Merkel meets Macron halfway on eurozone reforms

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Merkel meets Macron halfway on eurozone reforms
German Chancellor Angela Merkel at a press conference in Lisbon last week. Photo: Michael Kappeler/dpa

German Chancellor Angela Merkel delivered a long-awaited answer to French President Emmanuel Macron's ambitious call for European Union reforms Sunday, offering olive branches on investment and help for debt-mired eurozone member states.


More than a year after Macron took office with the stated mission to bolster the EU and make it more responsive to its citizens, Merkel's counter-offer comes at a time of heightened concern about the future of the bloc due to political turmoil in Italy and Spain and transatlantic tensions.
Merkel told the Frankfurter Allgemeine Sonntagszeitung ahead of a crunch EU summit this month that Germany as the eurozone's top economy would support an investment budget whose total would be "at the lower end of the double-digit billions of euros range".
She said the "rainy day fund", as it has been dubbed, would serve to help even out economic imbalances between richer and poorer European countries "which need to catch up in the areas of science, technology and innovation".
"We need quicker economic convergence between the member states," she said. "To do that we have to strengthen investment capability with the help of additional structural policies," she said, adding that the fund would be phased in gradually and then evaluated in terms of its effectiveness.
Although Merkel's budget target falls short of the range proposed by Macron, it represents a concession of sorts to his view that an excess of austerity has undermined faith in the bloc.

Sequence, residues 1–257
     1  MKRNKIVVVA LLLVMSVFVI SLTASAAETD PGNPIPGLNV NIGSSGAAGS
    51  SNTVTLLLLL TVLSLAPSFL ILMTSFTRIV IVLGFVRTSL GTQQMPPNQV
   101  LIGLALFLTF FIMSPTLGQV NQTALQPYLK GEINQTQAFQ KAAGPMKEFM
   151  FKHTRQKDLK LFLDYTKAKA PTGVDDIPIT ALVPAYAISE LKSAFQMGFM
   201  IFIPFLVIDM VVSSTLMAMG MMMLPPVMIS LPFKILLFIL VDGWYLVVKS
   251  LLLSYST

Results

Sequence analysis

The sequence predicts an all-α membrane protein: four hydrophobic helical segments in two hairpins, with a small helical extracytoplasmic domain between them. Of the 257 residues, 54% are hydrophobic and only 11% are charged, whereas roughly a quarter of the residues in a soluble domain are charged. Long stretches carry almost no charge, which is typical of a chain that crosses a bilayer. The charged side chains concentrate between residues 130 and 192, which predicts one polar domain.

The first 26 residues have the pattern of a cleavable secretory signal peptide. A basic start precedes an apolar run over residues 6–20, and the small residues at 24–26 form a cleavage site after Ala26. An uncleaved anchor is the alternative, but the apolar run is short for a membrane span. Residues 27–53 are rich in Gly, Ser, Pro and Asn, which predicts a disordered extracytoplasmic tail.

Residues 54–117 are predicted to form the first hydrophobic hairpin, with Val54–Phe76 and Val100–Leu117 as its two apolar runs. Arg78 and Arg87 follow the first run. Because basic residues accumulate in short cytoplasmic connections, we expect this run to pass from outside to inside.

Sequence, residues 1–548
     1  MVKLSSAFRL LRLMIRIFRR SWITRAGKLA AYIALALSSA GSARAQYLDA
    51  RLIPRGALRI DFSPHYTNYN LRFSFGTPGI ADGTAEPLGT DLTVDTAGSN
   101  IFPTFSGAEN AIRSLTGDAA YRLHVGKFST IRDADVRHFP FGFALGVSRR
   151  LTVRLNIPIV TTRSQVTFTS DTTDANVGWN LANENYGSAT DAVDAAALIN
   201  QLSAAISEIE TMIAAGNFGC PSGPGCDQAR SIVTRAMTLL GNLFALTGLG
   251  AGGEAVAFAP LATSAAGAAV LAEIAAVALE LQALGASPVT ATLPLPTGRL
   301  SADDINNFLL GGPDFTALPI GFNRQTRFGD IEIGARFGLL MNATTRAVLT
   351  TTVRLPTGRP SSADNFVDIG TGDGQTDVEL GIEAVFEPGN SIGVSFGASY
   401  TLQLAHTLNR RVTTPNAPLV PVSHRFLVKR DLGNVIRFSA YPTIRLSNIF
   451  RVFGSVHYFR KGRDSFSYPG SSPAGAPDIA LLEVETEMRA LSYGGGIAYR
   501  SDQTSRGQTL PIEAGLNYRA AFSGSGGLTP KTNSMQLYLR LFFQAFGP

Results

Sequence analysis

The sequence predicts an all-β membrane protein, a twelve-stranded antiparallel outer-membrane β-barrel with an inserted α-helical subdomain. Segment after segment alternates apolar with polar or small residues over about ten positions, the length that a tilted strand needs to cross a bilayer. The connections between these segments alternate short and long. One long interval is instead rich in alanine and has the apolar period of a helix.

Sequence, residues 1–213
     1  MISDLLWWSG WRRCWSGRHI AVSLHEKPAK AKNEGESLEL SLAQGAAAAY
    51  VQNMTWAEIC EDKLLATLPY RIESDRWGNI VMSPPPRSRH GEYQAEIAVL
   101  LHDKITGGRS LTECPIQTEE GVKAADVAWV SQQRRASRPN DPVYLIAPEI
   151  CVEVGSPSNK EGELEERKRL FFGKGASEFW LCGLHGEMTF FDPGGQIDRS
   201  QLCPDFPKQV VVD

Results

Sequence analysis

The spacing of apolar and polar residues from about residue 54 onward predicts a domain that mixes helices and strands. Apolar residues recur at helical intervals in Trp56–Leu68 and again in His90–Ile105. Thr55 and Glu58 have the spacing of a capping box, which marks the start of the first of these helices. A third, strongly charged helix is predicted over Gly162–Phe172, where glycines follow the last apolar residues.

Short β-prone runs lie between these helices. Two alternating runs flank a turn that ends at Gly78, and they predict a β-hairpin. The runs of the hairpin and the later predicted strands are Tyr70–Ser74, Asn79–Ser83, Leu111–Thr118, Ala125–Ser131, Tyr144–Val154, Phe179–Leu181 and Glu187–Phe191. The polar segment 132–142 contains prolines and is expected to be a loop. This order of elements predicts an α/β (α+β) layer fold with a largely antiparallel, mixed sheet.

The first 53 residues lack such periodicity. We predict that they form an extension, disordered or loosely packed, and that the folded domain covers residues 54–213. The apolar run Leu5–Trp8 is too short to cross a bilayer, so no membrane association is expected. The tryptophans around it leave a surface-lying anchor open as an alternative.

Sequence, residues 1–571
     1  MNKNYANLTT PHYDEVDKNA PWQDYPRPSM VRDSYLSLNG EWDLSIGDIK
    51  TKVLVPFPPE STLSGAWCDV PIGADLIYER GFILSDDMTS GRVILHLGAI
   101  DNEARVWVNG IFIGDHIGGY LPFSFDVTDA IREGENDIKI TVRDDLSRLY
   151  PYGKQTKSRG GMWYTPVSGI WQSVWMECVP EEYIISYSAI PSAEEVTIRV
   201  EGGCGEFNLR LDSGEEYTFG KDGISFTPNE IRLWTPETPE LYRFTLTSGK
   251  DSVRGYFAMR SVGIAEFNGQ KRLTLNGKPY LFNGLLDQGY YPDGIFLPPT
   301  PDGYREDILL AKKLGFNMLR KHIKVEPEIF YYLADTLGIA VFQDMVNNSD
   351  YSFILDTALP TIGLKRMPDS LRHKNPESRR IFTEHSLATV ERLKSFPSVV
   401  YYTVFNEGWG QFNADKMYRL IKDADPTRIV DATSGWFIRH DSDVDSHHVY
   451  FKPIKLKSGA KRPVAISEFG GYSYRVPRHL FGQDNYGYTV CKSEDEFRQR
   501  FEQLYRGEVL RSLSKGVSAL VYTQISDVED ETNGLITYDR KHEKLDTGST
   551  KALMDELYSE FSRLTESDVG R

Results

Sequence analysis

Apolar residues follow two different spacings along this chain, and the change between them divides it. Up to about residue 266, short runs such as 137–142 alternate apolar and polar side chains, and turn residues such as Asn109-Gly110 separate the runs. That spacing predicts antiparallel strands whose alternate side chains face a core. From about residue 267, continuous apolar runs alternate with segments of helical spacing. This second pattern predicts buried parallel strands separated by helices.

'Don't wait, act now'
Merkel also addressed plans to upgrade the European Stability Mechanism (ESM), which oversees bailout loans to troubled member states, such as Greece, into a European Monetary Fund.
"We aim to make ourselves a little more independent of the International Monetary Fund," she said.
She proposed offering short-term credit lines to stricken countries, but maintained strict conditions for support: "always subject to special conditions of course, for a limited amount and with complete repayment".
Germany and France, traditionally seen as the twin engines of European integration, plan to hold talks before the EU summit at the end of the month to coordinate their positions on reform of the bloc after Britain's exit.
The EU summit is seen as the last chance before European elections in May 2019 to get a few tangible projects on the road and demonstrate to frustrated voters Europe's ability to deliver on its promises. 
Macron has repeatedly expressed impatience with what he sees as foot-dragging by Merkel, who was tied up with five months of coalition building after an inconclusive general election in September.
"Don't wait, act now," he said as he picked up a prize in Aachen last month, urging Germany to overcome its "fetish" for budget and trade surpluses and back reforms even if it meant loosening the purse strings.
Anti-German rhetoric
Crises roiling Europe have focused minds in recent days, with a populist and eurosceptic government taking power in Italy and Spain ousting veteran Prime Minister Mariano Rajoy over a corruption scandal and his Socialist arch-rival Pedro Sanchez taking over.
Transatlantic relations have at the same time grown increasingly rocky due to a series of combative decisions by US President Donald Trump, including scrapping the 2015 Iran nuclear deal and imposing tariffs on steel and 
aluminium imports.
On Italy, Merkel sounded a conciliatory tone despite the anti-German rhetoric of the governing parties, which have argued that Berlin's austerity policies have helped bring many indebted countries in southern Europe to their 
She said she was "absolutely open to talking to the new Italian government about ways to help young people find work" given high levels of youth unemployment.
However Merkel, whose political power has diminished in her fourth term as her ruling majority has shrunk, insisted she would draw the line at German taxpayers assuming responsibility for other nations' debt.
"Solidarity between partners should never lead to a union of debt -- it must be about helping others to help themselves," she said.



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